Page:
Saturday, March 31, 2012

Obamacare and the Supreme Court

I don't know how the Court will come down on Obamacare, but I know how it should.  The mandate in the law is constitutional, just like the childcare mandate already on the books.

What childcare mandate? The one in Section 21 of the Internal Revenue Code.  Stripped of all the if's, an's and but's, Section 21 says in effect that if you are a married couple with two or more kids, and you both work, and you do not pay at least $6,000 for childcare, then you will have to pay a penalty equal to 20% of the shortfall.  The penalty is dressed up as a credit for people who do pay for childcare.  But as they say in Latin, tometo, tomato.  Obamacare raises your taxes unless you buy healthcare, in which case you get what amounts to a credit equal to the increased tax.

Some (maybe all) of the arguments advanced against the Obamacare mandate are downright silly.  The first is the big deal claim that the mandate forces people to buy something "from a private party," a really strange argument coming from people who fought tooth and nail against a single-payer, government system.  But the objection is trivial.  The childcare credit is available to people who get their childcare from a private provider, just like the healthcare credit.  You buy the service, or you pay the tax.  

I won't say that there is no "compulsion."  The power to tax is the power to destroy, which, I think can fairly be said to include the power to compel for constitutional purposes.  But the power to tax exists, so the fact that there is some compulsion to it hardly negates a law ipso facto.  It's not clear why the home mortgage deduction is not a compulsion, the childcare credit is not a compulsion, but the Obamacare penalty is a compulsion.  Medicare forces us to buy insurance from the government and even garnishes our wages to pay the price.  How a private analog that collects payment on the 1040 can be seen as constitutionally worse is not clear to me.

Nor do I find the "broccoli" argument terribly persuasive.  For one thing, a mandate as specific as broccoli might give purveyors of other cruciferous veggies a valid reason to complain.  The Congress is not in the business of picking winners and losers at so granular a level.  The larger point is that the state's right to set reasonable speed limits does not imply that a speed limit of 5 mph could not be struck down for impeding interstate travel or freedom or some such thing.  Courts draw distinctions based on real-world implications all the time.  Healthcare is healthcare, and broccoli is broccoli.  (Which is not to say that Congress could not provide a tax credit for anyone whose physician certifies that he has been following a wellness program with observable results.  Remember, every tax credit is a penalty on those who do not qualify for it.)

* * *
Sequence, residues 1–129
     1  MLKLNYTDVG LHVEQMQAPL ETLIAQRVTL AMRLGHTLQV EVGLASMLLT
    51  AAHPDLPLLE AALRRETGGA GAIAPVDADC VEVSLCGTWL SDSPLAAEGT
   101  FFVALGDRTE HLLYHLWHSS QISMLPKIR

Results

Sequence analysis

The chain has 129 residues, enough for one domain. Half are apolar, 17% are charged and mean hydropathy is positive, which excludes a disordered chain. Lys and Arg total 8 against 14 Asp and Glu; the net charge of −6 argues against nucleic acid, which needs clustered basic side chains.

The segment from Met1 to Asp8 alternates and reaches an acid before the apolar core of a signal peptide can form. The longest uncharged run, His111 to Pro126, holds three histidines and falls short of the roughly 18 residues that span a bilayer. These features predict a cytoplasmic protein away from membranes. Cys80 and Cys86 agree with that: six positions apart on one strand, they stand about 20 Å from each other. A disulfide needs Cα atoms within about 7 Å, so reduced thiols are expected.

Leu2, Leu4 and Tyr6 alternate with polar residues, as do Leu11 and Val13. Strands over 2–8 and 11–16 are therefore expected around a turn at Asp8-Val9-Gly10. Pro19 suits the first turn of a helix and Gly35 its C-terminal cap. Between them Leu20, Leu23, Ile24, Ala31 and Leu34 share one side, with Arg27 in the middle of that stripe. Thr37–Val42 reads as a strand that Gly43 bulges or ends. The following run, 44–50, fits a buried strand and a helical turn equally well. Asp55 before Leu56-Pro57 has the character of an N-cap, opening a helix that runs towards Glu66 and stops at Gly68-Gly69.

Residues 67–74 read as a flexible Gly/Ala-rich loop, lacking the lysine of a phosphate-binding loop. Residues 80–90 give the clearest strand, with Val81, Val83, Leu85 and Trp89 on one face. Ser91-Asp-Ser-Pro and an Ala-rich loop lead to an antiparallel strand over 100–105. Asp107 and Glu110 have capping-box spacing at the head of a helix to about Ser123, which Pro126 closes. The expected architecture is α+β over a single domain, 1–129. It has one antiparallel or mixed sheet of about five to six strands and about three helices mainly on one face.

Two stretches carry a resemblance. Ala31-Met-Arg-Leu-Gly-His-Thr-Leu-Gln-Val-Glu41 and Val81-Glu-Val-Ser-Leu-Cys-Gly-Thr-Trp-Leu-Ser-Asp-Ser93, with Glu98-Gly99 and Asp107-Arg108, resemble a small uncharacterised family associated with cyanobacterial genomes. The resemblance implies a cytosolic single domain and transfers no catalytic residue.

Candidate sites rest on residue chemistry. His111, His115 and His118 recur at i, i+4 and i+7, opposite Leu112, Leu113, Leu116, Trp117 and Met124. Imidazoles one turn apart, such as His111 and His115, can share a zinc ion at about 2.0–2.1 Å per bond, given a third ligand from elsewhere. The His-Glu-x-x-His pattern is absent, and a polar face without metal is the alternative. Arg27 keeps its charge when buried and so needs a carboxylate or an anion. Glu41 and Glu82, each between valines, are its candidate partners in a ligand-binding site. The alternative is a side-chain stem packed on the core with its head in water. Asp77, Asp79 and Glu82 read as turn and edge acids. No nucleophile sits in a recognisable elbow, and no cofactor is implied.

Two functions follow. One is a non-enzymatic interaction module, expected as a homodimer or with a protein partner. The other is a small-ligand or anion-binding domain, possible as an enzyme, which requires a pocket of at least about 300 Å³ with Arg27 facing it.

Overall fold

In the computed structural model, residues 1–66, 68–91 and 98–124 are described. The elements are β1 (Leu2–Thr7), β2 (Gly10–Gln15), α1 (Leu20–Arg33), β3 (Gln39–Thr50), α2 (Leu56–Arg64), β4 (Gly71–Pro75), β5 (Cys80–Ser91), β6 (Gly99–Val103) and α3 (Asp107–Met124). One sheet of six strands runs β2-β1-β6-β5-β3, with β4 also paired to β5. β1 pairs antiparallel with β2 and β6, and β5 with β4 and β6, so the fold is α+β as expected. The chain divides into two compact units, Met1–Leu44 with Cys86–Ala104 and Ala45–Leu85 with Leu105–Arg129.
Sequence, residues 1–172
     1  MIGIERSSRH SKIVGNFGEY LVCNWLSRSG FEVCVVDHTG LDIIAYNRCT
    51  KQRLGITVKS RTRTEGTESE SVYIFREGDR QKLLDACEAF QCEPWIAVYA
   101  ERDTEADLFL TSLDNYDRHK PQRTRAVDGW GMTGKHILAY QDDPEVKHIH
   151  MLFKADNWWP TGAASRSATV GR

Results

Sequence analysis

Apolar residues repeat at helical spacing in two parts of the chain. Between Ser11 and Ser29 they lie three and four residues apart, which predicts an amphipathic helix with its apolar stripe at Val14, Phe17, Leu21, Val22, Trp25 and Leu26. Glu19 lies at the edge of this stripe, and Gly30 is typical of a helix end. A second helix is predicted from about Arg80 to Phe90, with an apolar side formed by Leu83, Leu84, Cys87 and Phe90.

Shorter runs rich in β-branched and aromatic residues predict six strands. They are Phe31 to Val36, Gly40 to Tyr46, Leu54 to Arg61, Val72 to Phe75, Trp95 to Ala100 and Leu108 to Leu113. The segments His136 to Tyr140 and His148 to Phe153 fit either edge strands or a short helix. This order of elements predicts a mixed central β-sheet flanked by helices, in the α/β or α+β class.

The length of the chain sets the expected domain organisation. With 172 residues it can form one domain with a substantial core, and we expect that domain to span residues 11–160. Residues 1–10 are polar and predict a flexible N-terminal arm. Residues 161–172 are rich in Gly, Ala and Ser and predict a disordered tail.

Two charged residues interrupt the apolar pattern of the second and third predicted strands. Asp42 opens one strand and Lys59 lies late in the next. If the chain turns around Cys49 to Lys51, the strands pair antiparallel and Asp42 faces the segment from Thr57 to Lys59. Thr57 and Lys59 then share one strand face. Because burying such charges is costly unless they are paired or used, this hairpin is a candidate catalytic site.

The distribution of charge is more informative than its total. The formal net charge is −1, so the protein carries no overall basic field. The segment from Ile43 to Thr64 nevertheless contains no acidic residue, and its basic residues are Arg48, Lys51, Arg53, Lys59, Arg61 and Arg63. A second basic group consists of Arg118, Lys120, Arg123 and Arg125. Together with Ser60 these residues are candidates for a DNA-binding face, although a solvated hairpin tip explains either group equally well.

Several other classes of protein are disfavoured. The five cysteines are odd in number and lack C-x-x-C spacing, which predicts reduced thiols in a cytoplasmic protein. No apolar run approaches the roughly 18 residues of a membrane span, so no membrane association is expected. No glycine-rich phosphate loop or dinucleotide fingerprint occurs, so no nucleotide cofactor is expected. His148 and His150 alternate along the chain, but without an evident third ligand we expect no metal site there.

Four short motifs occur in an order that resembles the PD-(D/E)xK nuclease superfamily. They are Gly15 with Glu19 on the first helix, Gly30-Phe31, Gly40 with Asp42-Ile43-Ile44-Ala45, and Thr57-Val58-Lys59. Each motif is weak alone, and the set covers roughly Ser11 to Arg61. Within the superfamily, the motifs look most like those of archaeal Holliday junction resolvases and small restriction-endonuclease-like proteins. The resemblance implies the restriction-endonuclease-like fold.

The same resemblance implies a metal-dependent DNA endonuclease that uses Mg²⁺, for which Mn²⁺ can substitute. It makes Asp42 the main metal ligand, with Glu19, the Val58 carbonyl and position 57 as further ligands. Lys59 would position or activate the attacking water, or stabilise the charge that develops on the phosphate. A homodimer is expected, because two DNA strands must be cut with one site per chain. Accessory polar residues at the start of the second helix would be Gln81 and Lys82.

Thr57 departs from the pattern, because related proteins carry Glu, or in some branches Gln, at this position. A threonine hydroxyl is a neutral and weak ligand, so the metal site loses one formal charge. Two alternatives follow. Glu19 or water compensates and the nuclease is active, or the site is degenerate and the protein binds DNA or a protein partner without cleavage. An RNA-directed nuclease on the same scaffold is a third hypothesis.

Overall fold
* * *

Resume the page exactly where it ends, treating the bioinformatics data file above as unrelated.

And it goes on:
So what about the Anti-Injunction Act (AIA), which precludes challenges to tax laws before someone is actually face with paying the tax?  Justice Alito rightly pointed out that the Solicitor General, who is expected to argue, as I do, that the "penalty" is really a tax for constitutional purposes is also arguing that it is not a tax for purposes of the anti-injunction statute.  The jurisprudence of that law is pretty murky, so I don't know, for example, if the government can waive it or if the court can raise it sua sponte to throw cases out.

Calling the tax a "penalty" does not seem to me a way out, but Congress has the power to exempt any act from the AIA, so it might be deemed to have used the word "penalty" with that purpose, if that's where the Court decides to go.  But this point really takes us back to broccoli.  If the Court decides to reach the merits on this case, it may  someday have to limit the holding to its peculiar facts so as not to permit a broccoli mandate.  But the Court has done that whenever it has had to, so I don't see why it should be an obstacle in this particular case.  Still, if I were on the Court, I would be sorely tempted to throw the case out as premature and let Congress expressly bypass the AIA if it wants to.  Apparently, both sides want the case heard, so they ought to be able to pass an exemption for it.

If the penalty is held unconstitutional, the law fails.  I think the mandates directed at insurance companies may become unconstitutional absent a legislative solution to adverse selection.  I wonder if any insurers were invited to brief that issue.  If not, they will bring their own lawsuit, which would not be subject to the AIA as the compulsion applied to them is not enforced by a tax of any kind.  If I were on the Court, I think I'd be agree with Justice Breyer that the Court should not have to read through the whole act and decide what rises and falls.  But then, I would vote to uphold the penalty, so the question is moot even inside my own brain, i.e., I don't need to say what I would do if I struck down the penalty, which I think I would have to do if that were how I would vote.  So I won't.